Budding hardcore quintet Pissed Regardless are…not happy! Imperial Cult makes it clear with pummeling speed, melodic riffs, and a dark tone.

Release date: October 11, 2019 | Creator Destructor Records | Facebook | Bandcamp

What’s in a name? In the case of Pissed Regardless, it’s my entire life’s motto. Nearly any amount of worldly perception is enough to doom you to be forever mad, even if your own life is going well. That’s good – we should be mad. We should be pissed, but a lot of us aren’t capable of being as pissed as this San Diego quintet. Their debut album Imperial Cult picks at the blisters of society and the world at large with some dense hardcore with strong forays into genre progenitors like punk and thrash metal.

Playing hardcore comes with some baggage, mostly pertaining to how the genre came to be. Mixing punk and metal might have always seemed inevitable, but nowadays bands are more likely to dance more on one side than the other. Pissed Regardless have this wild ability to be everything they can be: a fine mix of styles, but also lunge out to either side and grab its stylistic influences by the throat only to be dragged into the fray that this band kicks up. Double bass drums, mean-ass riffs, and a careening speed that’s barely held on the rails – the first two tracks and lead singles “Three Decades” and “Halls of Hate” show hardcore blended up into a bloody paste, slung onto the walls in a rage.

If any track is truly bloody, though, it’s “Bleeder”. It shows off the band’s punk roots the most within the vocals; they’re made up of a harsh gravelly wretch and almost have an English lilt to their delivery. The hook is stone cold punk intensity, while the riffs actually call back to 2000s-era metalcore to me. You’ll find that other tracks like “Dichotomy” lead with similar approaches as well – vocals at the forefront and guitars more melodic than hardcore may aim for on average. Real solid stuff, and a slight change-up from their first EP Feed the Birds (released last year), which was more hardline thrashy hardcore.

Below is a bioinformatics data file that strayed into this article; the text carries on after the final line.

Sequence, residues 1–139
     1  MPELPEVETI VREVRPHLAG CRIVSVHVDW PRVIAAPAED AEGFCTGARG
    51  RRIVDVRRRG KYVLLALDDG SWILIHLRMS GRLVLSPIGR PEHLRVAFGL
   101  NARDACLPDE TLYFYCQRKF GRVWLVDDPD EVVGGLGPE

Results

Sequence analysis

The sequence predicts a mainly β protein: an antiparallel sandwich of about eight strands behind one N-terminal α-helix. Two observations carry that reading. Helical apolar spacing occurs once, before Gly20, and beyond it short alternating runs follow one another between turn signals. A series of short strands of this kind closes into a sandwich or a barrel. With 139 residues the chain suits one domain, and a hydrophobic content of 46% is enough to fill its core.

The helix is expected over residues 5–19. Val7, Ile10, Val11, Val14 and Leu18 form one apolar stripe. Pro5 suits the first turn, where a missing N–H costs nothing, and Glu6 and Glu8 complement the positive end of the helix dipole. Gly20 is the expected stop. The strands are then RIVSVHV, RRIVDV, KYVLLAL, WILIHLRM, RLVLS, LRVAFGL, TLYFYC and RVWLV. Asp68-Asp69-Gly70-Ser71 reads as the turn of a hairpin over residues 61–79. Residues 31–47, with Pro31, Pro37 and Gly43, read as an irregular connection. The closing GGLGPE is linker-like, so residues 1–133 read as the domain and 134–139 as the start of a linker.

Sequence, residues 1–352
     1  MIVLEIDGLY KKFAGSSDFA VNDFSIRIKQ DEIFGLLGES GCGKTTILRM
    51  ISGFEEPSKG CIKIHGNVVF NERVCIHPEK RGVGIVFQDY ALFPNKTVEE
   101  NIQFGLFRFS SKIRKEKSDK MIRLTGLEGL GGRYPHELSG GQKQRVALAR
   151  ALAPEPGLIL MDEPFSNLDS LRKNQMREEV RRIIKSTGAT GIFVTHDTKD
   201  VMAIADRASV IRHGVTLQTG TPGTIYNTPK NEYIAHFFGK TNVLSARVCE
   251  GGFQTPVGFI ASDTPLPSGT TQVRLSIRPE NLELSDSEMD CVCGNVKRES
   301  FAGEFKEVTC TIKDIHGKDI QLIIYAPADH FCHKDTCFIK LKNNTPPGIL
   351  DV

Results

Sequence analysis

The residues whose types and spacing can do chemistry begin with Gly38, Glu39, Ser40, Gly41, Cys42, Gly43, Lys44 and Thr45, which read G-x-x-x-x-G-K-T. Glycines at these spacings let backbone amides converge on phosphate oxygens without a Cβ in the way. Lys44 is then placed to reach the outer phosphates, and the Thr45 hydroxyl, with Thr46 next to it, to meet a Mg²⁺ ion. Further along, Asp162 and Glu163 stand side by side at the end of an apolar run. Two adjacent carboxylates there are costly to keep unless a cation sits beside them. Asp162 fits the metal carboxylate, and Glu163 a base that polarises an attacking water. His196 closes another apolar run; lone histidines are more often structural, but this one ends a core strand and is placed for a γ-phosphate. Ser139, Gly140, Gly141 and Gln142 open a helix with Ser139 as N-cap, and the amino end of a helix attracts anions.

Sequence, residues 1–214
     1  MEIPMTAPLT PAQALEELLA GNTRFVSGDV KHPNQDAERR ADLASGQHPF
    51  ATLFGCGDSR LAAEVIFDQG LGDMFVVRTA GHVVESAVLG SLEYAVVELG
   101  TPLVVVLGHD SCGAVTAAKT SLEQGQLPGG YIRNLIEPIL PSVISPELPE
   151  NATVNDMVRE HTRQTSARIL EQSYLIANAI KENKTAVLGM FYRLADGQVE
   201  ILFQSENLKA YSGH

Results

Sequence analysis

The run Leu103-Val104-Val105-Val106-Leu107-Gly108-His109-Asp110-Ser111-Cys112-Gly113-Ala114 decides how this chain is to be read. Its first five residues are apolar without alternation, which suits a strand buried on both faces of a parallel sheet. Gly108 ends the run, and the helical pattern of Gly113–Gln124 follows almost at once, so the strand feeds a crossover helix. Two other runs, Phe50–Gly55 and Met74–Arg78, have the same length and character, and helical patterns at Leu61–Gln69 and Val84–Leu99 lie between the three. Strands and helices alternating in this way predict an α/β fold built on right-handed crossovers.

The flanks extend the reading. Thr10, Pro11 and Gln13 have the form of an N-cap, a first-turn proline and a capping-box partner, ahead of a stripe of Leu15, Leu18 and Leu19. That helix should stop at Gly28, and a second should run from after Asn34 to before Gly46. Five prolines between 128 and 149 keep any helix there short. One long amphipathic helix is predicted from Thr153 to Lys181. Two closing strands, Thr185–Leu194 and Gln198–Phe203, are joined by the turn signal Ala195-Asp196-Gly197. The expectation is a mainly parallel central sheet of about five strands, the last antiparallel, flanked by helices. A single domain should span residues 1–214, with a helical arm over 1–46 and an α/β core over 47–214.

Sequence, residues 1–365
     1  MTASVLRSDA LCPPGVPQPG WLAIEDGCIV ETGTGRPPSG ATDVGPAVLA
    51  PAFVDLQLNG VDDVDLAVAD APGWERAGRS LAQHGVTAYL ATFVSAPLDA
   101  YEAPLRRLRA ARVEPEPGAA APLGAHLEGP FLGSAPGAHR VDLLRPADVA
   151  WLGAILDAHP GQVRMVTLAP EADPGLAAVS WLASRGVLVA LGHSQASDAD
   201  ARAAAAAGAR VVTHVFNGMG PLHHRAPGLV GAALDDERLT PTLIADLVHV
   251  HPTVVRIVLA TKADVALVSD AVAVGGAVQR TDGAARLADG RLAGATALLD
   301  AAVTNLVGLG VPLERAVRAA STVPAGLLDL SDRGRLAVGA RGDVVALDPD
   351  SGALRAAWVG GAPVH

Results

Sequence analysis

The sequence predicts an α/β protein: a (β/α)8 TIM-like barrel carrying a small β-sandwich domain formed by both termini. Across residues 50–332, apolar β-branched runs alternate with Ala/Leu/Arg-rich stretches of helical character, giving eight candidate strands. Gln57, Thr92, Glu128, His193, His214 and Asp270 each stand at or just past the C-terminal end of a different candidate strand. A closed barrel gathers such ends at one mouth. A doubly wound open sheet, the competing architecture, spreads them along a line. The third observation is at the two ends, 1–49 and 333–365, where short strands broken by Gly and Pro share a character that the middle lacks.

On the more stringently metal side of things, we have songs like “Castrated”, which is just straight-up thrash distilled into 90 seconds of fuck-off power. This is the band at their most pissed. There’s a steep darkness on this whole album that I haven’t really touched on yet, but every song here regardless of approach has a blackened tinge to it. This is even more apparent when compared to their previous work, where the band took on a tone more akin to Iron Reagan; that is, heavy and calculated, but also purposeful and almost fun.

Everything comes together well, even when Pissed Regardless skew a bit to show off the parts that make up that sum. This is modern metallic hardcore through and through – the absence of bands like Trap Them, a favorite of mine, allows them fill a void that others aren’t capable of filling in quite the same way. Still, there are some points where I feel like Imperial Cult is a little rare and could have used more heat to cook. All the elements for a great album are here, but they are constructed in ways that overlap some from song to song and create some unsavory repetition. The biggest surprise we get here is the album closer, “Hell’s Coming With Me”, which starts off slow and menacing, but builds to a head that only wishes to collide with your own bone to bone. The final lyrical condemnation of ‘fuck your modern world‘ pretty much sums it all up.

Pissed Regardless aren’t here to reinvent the wheel – they’re here to run you over with it. Your inclination to pit-ready rage and hardcore sensibilities will determine your enjoyment of this album. Suffice it to say that if you’re looking for a mad time, you came to the right place. Imperial Cult is melodic without sacrificing heaviness, and pointed without pulling any punches. It’s a real fun time, keen to help you blow off some steam and rearrange some furniture should the mood strike you. Hope you got good home insurance.

David Rodriguez

David Rodriguez

I use caps lock way more than my writing lets on.

Leave a Reply